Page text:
Banking and securities supervisors need to pick "lead regulators" to better oversee global financial firms, a top Bank of England official said.
Speaking Thursday at the annual meeting of the International Swaps and Derivatives Association here, Michael Foot, executive director for financial stability at the British central bank, said that by taking charge in a crisis and fostering information-sharing in calmer times, these lead agencies could help avert the likes of last year's Barings Bank debacle.
The venerable London investment bank collapsed when huge, unauthorized futures-exchange bets by a Singapore-based trader went bad. In retrospect, Mr. Foot said, there were warning signs before the collapse - just no one to make sense of them.
"One way in which Barings' net positions would have come to light would have been if some regulatory body had received and pooled the information available to the (, Osaka, and Tokyo exchanges," Mr. Foot said. "Each host country may have a piece of the jigsaw. Who is going to piece these together and how?"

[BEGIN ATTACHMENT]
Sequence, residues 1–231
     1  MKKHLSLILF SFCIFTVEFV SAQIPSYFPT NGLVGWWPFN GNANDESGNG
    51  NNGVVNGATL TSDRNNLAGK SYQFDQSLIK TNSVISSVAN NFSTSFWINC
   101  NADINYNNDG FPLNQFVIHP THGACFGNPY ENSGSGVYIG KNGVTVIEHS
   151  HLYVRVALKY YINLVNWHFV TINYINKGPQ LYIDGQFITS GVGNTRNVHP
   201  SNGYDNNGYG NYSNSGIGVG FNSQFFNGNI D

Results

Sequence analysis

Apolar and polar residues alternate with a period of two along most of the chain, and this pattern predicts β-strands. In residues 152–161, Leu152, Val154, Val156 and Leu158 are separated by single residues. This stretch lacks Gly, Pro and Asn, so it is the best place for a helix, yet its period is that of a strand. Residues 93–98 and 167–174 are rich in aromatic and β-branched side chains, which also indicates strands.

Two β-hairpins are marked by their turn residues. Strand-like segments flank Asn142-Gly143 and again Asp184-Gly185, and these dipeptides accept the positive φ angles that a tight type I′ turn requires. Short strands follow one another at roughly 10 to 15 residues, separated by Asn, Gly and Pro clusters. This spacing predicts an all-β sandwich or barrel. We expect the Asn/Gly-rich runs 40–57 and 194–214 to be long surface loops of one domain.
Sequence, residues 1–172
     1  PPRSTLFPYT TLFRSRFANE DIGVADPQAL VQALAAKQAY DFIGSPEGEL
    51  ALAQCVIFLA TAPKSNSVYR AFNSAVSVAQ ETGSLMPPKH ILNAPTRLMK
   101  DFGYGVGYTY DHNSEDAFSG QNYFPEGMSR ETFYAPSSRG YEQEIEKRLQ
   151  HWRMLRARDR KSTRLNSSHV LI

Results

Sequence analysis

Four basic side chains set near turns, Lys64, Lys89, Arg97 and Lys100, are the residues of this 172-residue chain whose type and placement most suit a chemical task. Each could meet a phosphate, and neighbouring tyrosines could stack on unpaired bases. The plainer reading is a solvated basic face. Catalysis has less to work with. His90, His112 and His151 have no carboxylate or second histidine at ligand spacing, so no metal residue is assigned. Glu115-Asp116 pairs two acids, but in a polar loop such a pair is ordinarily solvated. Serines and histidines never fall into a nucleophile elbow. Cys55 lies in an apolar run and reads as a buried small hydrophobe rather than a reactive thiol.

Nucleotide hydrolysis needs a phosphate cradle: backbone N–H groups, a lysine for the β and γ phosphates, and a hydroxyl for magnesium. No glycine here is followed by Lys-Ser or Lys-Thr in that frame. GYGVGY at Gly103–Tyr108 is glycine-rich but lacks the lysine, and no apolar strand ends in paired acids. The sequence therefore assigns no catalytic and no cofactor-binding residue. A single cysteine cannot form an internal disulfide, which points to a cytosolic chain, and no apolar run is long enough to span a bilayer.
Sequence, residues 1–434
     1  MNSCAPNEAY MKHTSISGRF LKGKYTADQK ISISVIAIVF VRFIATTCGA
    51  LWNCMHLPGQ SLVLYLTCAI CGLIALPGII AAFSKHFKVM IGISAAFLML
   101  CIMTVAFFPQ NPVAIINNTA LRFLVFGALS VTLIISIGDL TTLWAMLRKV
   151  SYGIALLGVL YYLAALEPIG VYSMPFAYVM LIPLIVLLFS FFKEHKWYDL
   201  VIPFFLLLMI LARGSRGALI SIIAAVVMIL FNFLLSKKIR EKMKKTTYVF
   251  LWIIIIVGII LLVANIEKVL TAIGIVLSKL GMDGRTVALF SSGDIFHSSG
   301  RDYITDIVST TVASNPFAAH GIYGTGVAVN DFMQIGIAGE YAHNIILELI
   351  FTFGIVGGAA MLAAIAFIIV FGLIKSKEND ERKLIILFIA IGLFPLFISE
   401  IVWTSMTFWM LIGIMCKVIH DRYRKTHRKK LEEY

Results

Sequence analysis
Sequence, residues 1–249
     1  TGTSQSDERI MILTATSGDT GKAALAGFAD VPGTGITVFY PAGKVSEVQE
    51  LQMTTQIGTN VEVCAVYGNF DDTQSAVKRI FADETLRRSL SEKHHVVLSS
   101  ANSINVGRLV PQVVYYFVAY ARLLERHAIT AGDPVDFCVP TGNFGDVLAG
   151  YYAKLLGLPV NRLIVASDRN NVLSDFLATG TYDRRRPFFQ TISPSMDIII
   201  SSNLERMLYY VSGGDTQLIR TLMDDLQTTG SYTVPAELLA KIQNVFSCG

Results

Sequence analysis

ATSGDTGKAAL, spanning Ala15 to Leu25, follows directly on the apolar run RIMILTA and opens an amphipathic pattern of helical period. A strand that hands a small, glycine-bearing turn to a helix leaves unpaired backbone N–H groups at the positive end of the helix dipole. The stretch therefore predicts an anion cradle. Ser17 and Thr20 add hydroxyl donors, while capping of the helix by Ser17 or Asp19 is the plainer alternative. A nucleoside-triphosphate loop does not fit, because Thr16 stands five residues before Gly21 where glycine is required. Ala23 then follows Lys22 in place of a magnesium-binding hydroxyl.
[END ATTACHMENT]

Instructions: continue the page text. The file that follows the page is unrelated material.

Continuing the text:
Barings, not a large bank by global standards, had securities subsidiaries in 16 countries, making oversight by bank regulators extremely difficult, Mr. Foot. To improve supervision, Mr. Foot said he is trying "to secure general acceptance of the idea that, for every internationally or functionally dispersed group, there should be one regulator identified whose responsibilities run wider than the others."
Bank supervisors in most major industrial nations already follow the lead regulator model - although it broke down in the case of Daiwa Bank last year, when Japan's central bank failed to tell the Federal Reserve about bond-trading losses at Daiwa's New York office. Mr. Foot said getting securities regulators to join in may be difficult, but he thinks it's possible that a lead regulator plan will come up at the next summit meeting of the Group of Seven leading industrial nations.
The theme of increased regulatory cooperation and consistency was common at the derivatives trade group meeting.
"One of the biggest problems that Daiwa and Barings revealed was a breakdown of communication between regulators," said Douglas E. Harris, senior deputy comptroller for capital markets at the Office of the Comptroller of the Currency. "Certainly what has to be strengthened are the lines of communication and the quality of communication."